The percentage of ceramic ware testing positive (14.2%) is significant because habitual exposure to low levels of lead over long periods of time can lead to lead poisoning. This can be especially dangerous for small children, whose exposure is proportionally larger than adults, with a greater potential risk of permanent damage to the central nervous system.

The ceramic ware from Mexico included food preparation and storage containers that are used routinely, such as salsa dishes, bean pots, roasting pots, casserole dishes and platters, as well as little mugs that are used to hold sweets. These items are designed for long-term storage or are used with acidic foods such as tomato products, coffee and lime juice, which accelerate the leaching process. The likelihood of lead consumption on a regular basis by families using these pieces is therefore potentially very high. For instance, a family would use a bean pot almost daily to cook beans, as well as to keep them warm on the stove. The potential for ingestion of leachable lead in this type of situation is of particular concern.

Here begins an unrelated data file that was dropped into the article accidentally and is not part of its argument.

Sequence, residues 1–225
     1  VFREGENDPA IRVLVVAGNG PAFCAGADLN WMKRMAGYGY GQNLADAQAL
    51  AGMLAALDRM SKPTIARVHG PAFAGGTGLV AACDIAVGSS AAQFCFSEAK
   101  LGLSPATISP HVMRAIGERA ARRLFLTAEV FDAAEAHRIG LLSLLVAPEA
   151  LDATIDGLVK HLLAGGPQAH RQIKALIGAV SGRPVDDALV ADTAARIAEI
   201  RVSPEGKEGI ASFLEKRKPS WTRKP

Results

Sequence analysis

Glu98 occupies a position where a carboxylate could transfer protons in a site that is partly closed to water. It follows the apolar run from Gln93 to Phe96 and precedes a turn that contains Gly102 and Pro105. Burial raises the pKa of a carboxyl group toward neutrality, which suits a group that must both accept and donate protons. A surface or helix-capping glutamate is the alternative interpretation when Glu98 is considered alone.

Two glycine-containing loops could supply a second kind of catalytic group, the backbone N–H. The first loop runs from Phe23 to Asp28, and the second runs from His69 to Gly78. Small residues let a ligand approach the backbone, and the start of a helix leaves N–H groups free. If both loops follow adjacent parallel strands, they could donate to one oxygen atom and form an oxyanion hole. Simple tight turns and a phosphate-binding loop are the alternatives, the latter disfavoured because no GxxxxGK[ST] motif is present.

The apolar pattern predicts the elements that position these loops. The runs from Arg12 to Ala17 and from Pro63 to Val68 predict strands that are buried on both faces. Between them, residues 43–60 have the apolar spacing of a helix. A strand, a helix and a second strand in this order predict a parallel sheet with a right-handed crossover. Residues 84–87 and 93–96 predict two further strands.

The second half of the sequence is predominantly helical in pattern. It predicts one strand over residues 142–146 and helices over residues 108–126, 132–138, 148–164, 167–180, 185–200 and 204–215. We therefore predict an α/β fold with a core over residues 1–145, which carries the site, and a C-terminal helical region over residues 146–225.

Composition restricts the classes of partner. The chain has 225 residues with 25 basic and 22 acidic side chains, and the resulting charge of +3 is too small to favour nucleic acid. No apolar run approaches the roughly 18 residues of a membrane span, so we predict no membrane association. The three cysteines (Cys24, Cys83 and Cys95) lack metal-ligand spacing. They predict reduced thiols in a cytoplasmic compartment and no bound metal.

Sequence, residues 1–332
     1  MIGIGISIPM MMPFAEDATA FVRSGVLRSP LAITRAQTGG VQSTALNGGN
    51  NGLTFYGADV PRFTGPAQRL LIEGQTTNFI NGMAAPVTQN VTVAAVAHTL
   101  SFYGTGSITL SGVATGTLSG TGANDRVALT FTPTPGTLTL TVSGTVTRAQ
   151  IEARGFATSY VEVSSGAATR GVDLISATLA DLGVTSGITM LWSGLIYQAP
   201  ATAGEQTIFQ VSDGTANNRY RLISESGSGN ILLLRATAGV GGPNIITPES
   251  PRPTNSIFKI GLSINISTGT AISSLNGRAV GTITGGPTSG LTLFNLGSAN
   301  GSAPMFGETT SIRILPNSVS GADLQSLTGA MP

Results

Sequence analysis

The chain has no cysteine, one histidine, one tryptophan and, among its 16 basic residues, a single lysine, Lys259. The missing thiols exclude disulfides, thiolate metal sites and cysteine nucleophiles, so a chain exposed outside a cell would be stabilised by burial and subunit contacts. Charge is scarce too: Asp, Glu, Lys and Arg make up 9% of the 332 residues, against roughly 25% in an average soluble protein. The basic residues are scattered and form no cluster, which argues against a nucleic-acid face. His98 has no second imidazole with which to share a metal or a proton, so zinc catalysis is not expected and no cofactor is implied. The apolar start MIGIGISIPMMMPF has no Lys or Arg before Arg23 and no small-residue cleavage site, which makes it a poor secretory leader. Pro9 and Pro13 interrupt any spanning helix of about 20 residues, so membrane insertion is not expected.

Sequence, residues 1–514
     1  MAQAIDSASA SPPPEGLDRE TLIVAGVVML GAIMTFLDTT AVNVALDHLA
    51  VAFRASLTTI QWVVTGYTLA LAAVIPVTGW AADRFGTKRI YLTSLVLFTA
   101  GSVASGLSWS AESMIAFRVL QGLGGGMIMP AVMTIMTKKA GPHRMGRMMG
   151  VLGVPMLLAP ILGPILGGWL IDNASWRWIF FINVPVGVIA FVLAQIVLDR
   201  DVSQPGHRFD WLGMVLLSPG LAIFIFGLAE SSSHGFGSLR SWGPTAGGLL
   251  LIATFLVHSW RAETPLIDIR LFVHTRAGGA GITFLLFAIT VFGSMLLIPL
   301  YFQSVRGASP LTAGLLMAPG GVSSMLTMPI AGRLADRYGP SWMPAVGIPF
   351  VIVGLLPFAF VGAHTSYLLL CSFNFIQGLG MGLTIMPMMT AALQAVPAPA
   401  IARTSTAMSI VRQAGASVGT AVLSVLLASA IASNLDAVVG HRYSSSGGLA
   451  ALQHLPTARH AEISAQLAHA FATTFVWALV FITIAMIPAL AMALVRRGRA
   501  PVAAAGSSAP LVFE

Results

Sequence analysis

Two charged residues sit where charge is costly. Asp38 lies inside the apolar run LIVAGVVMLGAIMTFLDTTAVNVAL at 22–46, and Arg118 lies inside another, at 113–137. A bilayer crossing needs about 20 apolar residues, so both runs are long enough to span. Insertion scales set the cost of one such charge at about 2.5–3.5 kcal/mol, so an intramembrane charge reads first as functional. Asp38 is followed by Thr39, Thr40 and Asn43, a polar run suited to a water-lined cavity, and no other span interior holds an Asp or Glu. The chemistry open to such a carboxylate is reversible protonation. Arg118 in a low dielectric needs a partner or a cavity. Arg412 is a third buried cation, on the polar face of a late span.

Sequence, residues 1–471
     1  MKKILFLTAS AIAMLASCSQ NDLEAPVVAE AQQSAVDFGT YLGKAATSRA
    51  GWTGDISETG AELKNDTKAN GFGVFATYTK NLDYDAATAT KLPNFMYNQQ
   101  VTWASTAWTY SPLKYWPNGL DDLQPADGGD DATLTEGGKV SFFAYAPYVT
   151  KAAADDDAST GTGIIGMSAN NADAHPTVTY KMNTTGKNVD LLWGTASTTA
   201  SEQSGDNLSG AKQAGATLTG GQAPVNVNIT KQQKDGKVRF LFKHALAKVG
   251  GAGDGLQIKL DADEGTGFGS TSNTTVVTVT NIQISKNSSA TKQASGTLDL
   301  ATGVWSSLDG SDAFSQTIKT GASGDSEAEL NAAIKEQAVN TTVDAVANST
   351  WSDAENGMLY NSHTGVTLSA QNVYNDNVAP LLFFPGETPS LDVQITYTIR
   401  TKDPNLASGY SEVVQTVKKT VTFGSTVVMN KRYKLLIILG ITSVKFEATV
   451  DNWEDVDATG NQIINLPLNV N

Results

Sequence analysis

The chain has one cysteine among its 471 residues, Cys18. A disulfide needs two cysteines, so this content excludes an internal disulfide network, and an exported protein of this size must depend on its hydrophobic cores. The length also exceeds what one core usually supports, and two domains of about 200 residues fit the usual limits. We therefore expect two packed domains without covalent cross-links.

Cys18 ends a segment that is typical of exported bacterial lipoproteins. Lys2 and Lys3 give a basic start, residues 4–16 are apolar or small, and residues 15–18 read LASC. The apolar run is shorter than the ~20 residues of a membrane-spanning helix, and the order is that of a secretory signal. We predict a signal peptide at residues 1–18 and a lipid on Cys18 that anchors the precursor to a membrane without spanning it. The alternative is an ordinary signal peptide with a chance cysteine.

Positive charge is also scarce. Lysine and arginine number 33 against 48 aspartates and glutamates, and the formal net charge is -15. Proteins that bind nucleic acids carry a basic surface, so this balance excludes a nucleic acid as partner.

The results indicated that some colors leached lead at significantly higher rates than others, although data was not collected about the placement of the particular colors on the ceramic ware. This can be important to consumers as they decide whether a pattern that is leaching lead would result in lead leaching into food. For example, many dishware patterns place the design on the rim of the plate, cup or bowl, where food would not necessarily come in contact with a color that leaches lead.